The 50 Movies Project is an annual tradition at The Warning Sign. Every year, I select 50 movies that I feel I must see in order to continue my progression as a film lover. This year I’m focusing on contemporary films (1980 to present day) that I somehow haven’t gotten around to seeing yet.
Director: M. Night Shyamalan
Writer: M. Night Shyamalan
Starring: Bruce Willis, Samuel L. Jackson, Robin Wright, Spencer Treat Clark
Running Time: 106 minutes
Riding the wave of success from the massive box office hit, The Sixth Sense, M. Night Shyamalan immediately followed with Unbreakable, a superhero origin film that has become quite a cult favorite since. Many would argue that this is his best film, though that’s hardly a bold position given his recent output.
Unbreakable rides almost entirely on two men — Bruce Willis and Samuel L. Jackson. Willis plays a security guard named David Dunn, a once promising football player who is now trying to fix his relationships at home. His wife, Audrey (Robin Wright, then also having Penn as a surname), is distant, and David has considered taking a new job in New York because of this. They have a young son, Joseph (Spencer Treat Clark), that is caught in the middle of their continuously eroding marriage.
Samuel L. Jackson is Elijah Price, a comic book aficionado who was born with a rare disease that makes his bones especially brittle. His constant injuries led to childhood bullies naming him “Mr. Glass”, and the moniker has stuck with him ever since. Price seems to have read too many comic books because he is convinced that there is someone on the opposite side of the spectrum from him — someone who is indestructible and impervious to pain.
That man is David, who at the beginning of the film is the only person to survive a horrific train crash. Elijah hears about this news and seeks out David, telling him what he truly believes. With much persistence from his son, Joseph, David finally realizes for himself that maybe he does in fact have powers beyond the realm of normal men.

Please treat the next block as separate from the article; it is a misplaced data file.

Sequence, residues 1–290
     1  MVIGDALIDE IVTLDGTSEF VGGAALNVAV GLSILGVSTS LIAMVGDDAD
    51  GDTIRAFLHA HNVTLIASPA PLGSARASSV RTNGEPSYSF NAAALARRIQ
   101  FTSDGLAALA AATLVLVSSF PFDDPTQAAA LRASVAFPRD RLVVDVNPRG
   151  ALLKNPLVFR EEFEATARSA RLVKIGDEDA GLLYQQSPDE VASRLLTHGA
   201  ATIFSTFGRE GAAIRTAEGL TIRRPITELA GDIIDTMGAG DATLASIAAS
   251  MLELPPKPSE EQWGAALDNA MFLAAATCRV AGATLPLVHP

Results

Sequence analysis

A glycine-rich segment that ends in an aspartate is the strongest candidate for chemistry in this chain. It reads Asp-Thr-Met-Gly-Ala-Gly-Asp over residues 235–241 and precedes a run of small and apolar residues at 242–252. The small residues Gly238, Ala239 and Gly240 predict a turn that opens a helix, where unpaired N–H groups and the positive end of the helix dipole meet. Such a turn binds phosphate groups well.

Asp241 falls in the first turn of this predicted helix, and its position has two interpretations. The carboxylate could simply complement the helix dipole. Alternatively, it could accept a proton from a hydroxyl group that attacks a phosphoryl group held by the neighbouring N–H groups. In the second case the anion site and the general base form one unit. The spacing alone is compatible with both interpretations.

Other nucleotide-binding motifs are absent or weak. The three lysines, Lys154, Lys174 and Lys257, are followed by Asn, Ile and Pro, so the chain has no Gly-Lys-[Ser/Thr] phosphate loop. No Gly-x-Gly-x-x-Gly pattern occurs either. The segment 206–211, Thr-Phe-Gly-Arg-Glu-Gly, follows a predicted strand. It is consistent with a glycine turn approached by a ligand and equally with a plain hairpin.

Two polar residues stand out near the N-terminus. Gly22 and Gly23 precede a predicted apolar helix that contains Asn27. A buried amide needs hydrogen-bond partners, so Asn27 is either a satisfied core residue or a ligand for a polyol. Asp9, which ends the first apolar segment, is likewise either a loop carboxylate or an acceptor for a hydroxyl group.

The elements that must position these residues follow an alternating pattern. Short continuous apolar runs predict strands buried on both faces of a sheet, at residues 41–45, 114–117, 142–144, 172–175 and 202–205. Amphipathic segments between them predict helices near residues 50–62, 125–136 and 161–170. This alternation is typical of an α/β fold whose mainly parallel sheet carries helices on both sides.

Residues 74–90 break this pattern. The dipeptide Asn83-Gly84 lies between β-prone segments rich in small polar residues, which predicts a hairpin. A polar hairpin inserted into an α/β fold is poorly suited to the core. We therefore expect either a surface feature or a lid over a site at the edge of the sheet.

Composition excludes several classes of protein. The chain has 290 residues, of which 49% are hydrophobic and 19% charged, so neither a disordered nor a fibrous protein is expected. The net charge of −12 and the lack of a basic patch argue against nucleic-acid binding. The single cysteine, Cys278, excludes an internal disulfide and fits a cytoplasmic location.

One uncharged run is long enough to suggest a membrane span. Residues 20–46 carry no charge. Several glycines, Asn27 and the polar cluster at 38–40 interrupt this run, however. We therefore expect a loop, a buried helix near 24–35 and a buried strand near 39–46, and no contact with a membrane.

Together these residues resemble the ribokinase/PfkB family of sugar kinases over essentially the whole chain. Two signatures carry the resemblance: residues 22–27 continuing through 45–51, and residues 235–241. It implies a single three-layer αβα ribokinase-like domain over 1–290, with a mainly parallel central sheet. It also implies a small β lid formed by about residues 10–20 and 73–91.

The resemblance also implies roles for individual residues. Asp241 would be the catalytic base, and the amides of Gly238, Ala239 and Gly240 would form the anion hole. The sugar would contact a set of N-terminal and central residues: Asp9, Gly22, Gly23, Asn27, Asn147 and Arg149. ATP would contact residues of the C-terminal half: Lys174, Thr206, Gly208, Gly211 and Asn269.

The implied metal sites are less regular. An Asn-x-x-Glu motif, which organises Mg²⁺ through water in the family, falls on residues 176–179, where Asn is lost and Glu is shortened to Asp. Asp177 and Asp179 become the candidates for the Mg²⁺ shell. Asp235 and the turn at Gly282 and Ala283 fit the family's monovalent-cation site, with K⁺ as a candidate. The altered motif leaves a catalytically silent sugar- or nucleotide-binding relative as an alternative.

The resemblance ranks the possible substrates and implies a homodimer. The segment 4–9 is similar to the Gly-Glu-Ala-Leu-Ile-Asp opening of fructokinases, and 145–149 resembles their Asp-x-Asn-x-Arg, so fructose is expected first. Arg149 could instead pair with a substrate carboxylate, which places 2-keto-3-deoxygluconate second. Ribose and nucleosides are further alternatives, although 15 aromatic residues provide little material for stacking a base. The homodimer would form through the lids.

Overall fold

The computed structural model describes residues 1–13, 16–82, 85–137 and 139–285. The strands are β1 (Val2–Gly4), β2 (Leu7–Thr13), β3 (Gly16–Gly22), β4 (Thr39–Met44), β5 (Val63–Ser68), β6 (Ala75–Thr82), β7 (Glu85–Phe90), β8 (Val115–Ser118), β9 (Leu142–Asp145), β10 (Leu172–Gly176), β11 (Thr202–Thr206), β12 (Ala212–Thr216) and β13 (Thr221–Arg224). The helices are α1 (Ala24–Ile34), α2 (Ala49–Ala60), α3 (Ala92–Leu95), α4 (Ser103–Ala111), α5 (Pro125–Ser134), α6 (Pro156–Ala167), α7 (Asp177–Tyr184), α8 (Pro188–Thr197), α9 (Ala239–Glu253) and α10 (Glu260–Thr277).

The way this story is told is actually quite revelatory; it is very low key and comes across as surprisingly believable. The film’s pacing is almost methodical, but it does an excellent job of building up both main characters. It’s much more subdued than a typical superhero film — a huge plus in my book.
It’s a shame then that the ending nearly makes the entire film fall apart.
Now, given that this is a M. Night Shyamalan film, there is naturally a huge plot twist near the end. This in itself is not a bad thing, even though there are so many hints as to where it’s going that it really isn’t all that shocking. No, the problem is that it ends so abruptly. Just as we get the big revelation, the film rushes to an end, and then has the balls to display two “what happened next” screen captions.
I can handle Shyamalan’s overabundance of gimmicky shots (of which there are many in this), but this conclusion is just absurd.
Unbreakable is generally quite good until this point, but it really left me with a sour taste in my mouth. It’s too bad that Shyamalan followed this up with Signs and The Village and so on, because this could have led to some very intriguing sequels (as was originally planned).